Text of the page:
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The story of how the word "tank" to describe the armoured fighting vehicle came to be used is an interesting one.
During the First World War the British Admiralty Landships Committee was charged with developing a fighting vehicle that could cross the mud and trenches of the modern battlefield. The members turned to a number of designers and companies to help them in their task. One firm that was approached was the agricultural machinery manufacturers, William Foster & Co of Lincoln. Foster's began life as a mill owner in 1846, but soon expanded into milling machinery and threshing machines. It opened its Wellington iron foundry in 1856 and went on to make traction engines and steam tractors. In the First World War it made large Daimler-Foster tractors and trailers for hauling howitzers, so it was natural that the Commitee saw it as the possible developer of a new fighting vehicle.
William Tritton (the chairman of Foster's) and Walter Gordon Wilson worked together in 1915 to develop the first "landship", named "Little Willie" after its co-designer. When the Lincoln factory came to produce the first batch of the new armoured vehicles there was a great need for secrecy so that the impact of their deployment could maximized. Consequently, the workforce were told that they were engaged in making "Watercarriers for Mesopotamia" (modern day Iraq)! This mouthful was soon shortened by those working on the machines, so the story goes, to "tanks", and the name stuck. Fosters went on to make hundreds of tanks for the British Army, with examples also going to the allies, including the United States and Canada. In recognition of the pioneering work in designing and making the first examples of this important military weapon the company incorporated it into the design of their nameplate that adorned the vehicles they manufactured.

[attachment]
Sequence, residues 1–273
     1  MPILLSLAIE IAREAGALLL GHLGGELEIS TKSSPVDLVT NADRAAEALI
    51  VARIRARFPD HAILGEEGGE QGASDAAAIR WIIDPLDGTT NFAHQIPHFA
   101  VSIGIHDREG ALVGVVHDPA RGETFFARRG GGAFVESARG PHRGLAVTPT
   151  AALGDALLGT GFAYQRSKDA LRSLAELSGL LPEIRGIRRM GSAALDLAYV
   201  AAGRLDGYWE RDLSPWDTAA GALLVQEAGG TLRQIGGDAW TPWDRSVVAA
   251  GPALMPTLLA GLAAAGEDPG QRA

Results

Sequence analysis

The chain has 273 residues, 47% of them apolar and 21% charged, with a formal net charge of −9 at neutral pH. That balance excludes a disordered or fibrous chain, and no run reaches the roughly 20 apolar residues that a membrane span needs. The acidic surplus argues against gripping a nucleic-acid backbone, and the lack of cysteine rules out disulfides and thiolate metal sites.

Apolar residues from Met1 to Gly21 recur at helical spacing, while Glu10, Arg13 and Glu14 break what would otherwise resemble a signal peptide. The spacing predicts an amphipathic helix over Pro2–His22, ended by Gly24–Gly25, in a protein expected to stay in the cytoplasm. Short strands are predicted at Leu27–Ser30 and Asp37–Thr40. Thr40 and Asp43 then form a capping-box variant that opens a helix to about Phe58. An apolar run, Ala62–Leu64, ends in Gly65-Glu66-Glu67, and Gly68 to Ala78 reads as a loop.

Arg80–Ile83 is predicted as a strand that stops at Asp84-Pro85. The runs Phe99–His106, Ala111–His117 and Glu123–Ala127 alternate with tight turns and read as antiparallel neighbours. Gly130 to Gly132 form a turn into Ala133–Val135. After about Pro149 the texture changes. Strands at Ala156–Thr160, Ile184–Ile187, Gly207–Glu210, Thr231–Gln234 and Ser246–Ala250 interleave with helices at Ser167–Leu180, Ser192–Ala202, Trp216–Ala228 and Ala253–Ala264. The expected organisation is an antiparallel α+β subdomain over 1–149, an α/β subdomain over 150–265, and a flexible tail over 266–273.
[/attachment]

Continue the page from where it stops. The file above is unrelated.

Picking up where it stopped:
I came across the example in today's photograph at a Lincolnshire gathering of traction engines. Unless one knows the story of William Foster & Co of Lincoln, the inclusion of a military tank on an agricultural vehicle maker's nameplate looks decidedly incongruous. But once you do know the reason it seems entirely natural!
photograph & text (c) T. Boughen
Camera: Olympus E510
Mode: Aperture Priority
Focal Length: 64mm (128mm/35mm equiv.)
F No: f7.1
Shutter Speed: 1/160
Exposure Compensation: -1.0 EV
Image Stabilisation: On